The battle for ratification in the required 36 states was the last battle in the long and continuous struggle. Illinois was the first to affirm the amendment. On September 10, 1919, New Hampshire became the 16th state to ratify it. By March 1920, 35 states had approved, eight had voted against or refused to vote. Gaining the 36th for the required three-quarters was unsure. There were those who wanted Vermont to have the honor of confirming the right to vote for the women of the nation.
Samuel Hand’s history of the Vermont Republican Party entitled The Star That Set, describes the Vermont battle for ratification. Republican Gov. Percival Clements was opposed to the proposal, an opposition that “was grounded in the fear that suffrage proponents sought the vote as a weapon to re-impose prohibition.” When the presidential suffrage bill passed the Legislature, he vetoed it. “Clements contended that the legislators elected to the 1919 session should not vote on the issue since they had been elected prior” to congressional approval. “He proposed instead that candidates for the 1921 session declare themselves on the issue.”
By July 1920, the focus of the ratification movement was on Tennessee, one state in which there was a chance of success. The Legislature was equally divided. It came down to Harry Burn, the youngest member of the body. He had worn a red rose, the symbol of the opposition. The bill had been defeated, but was up for reconsideration. Burn changed his vote to one of support and the amendment was ratified. He later told reporters that his mother had written him a letter stating, “Don’t forget to be a good boy and help Mrs. Catt put the ‘rat’ in ratification.” That single vote gave women across the nation the right to vote in all elections.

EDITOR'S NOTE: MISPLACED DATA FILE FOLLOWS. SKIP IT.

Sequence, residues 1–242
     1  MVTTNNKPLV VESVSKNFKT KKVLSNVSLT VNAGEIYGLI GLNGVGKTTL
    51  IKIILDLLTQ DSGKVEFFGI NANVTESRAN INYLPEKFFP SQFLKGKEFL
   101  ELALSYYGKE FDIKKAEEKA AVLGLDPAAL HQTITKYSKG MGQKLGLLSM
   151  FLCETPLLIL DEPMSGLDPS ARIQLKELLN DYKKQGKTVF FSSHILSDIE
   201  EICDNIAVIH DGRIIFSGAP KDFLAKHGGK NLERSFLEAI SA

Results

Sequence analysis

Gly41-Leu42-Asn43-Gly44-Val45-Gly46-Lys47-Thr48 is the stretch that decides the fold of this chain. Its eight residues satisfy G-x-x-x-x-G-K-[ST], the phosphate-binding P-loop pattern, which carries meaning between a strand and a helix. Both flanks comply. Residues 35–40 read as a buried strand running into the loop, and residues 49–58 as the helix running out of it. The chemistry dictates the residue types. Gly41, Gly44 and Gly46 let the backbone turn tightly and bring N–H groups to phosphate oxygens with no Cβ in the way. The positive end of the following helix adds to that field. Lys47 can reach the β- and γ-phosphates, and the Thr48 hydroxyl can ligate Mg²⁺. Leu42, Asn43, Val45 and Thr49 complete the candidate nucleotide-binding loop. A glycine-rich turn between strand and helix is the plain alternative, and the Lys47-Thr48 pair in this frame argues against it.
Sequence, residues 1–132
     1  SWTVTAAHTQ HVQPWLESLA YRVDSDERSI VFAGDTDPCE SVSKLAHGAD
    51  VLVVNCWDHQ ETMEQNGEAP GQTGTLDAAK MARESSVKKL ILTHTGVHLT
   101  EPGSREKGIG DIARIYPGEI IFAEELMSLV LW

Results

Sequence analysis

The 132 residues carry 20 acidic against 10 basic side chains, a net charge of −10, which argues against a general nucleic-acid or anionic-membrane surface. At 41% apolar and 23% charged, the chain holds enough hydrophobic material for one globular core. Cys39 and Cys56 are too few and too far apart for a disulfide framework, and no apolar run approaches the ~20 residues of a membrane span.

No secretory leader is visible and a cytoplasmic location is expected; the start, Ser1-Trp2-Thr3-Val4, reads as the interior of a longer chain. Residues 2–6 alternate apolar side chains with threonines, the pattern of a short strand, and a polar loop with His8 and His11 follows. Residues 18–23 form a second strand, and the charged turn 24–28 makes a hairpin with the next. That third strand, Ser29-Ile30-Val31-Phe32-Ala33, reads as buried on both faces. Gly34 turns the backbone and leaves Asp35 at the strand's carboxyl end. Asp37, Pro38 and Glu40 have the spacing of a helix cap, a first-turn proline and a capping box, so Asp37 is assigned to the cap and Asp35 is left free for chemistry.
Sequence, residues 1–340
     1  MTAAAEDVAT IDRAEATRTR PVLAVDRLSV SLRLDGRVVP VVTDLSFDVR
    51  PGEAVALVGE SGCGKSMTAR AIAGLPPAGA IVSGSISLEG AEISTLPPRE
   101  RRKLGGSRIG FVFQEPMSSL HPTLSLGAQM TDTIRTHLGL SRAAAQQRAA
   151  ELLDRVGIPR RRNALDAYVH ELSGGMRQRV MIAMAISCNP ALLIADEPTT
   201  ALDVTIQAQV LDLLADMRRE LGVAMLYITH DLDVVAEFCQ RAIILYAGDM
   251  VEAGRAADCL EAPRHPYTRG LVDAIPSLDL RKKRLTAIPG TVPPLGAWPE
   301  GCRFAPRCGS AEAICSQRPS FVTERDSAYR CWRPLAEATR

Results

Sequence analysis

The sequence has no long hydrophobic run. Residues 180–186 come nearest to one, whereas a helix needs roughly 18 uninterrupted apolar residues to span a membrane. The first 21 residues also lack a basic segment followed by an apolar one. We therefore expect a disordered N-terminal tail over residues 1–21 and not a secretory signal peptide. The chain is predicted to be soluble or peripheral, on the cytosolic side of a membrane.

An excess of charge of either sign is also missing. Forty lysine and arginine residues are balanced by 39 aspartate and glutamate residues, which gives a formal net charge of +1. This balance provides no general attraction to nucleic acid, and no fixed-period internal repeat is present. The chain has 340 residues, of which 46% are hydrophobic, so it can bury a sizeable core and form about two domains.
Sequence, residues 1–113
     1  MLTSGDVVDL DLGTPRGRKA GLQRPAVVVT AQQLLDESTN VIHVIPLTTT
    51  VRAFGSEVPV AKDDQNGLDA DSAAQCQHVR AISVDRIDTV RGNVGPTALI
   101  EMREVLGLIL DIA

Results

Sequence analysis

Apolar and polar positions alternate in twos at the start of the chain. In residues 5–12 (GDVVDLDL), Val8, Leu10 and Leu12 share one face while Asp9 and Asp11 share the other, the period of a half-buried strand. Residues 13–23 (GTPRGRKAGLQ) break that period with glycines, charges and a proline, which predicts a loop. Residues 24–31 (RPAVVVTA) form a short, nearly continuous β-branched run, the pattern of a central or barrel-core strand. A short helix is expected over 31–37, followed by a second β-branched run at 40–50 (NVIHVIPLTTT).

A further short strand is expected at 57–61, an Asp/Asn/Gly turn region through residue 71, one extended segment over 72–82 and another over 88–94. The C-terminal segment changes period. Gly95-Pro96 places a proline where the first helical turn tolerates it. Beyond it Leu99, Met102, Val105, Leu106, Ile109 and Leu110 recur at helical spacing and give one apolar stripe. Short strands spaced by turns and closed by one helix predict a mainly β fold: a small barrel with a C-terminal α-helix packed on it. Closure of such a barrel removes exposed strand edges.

Women voted for the first time in a Presidential election in November, 1920. It apparently was not newsworthy to the editor of The United Opinion as there was no major article at the time. Neighborhood reports included some notice of the event. In September, 1920, the reporter for West Fairlee Center noted that eight local women voted in the primary. The West Newbury columnist wrote: “Not many women from this side of the town attended the primary. We hope to see more of them next November. It is now up to the men and women of the country to say what they will have.”
On November 5, the Thetford column included the following: “Town Meeting drew a good number of voters, both men and women. One hundred and sixty-six had registered to vote and probably most of them cast their vote. The young misses of twenty-one were there, also one lady of one hundred one and one half years cast her vote for the first time. Mrs. Elizabeth C. Newcomb is the oldest person in town, if not the county. Chas. Douglas, the Republican candidate for town representative was elected. He made an informal speech in well chosen words, thanking the people for the honor given him. He treated the ladies to chocolates and men to cigars.”
In 1920, Haverhill’s Frances Parkinson Keyes, author and wife of U. S. Senator Henry Keyes, wrote an article entitled “On the Fence” published in The Atlantic Monthly. She stated that while she had been an “anti-suffragette all my life,” she had done nothing of consequence to prevent women suffrage. If fact, it was with her “entire approval” that Senator Keyes voted for the amendment. But, Keyes wrote: “I dread the very thought of voting.” She felt that women had enough in their lives without the extra burden of an expanded role in society. With a combination of hope and concern, she challenged women to accept this newly granted right in such a manner as to prove the opponents wrong. Mrs. Keyes, we can say with certainty, they have.
There is no doubt that the right to vote was the key for women to equality and influence in our society. A primary focus of my professional teaching career has been to inform both young men and women of their right to vote and the responsibilities that go with that right. I registered hundreds of young area residents who had reached their 18th birthday. As a Bradford election official and moderator, it is with no small amount of pride that I see many of them exercising the right to vote. As a citizen it has been my privilege to vote for women seeking office. What once was a radical notion has now become the norm. Hurrah and hurrah.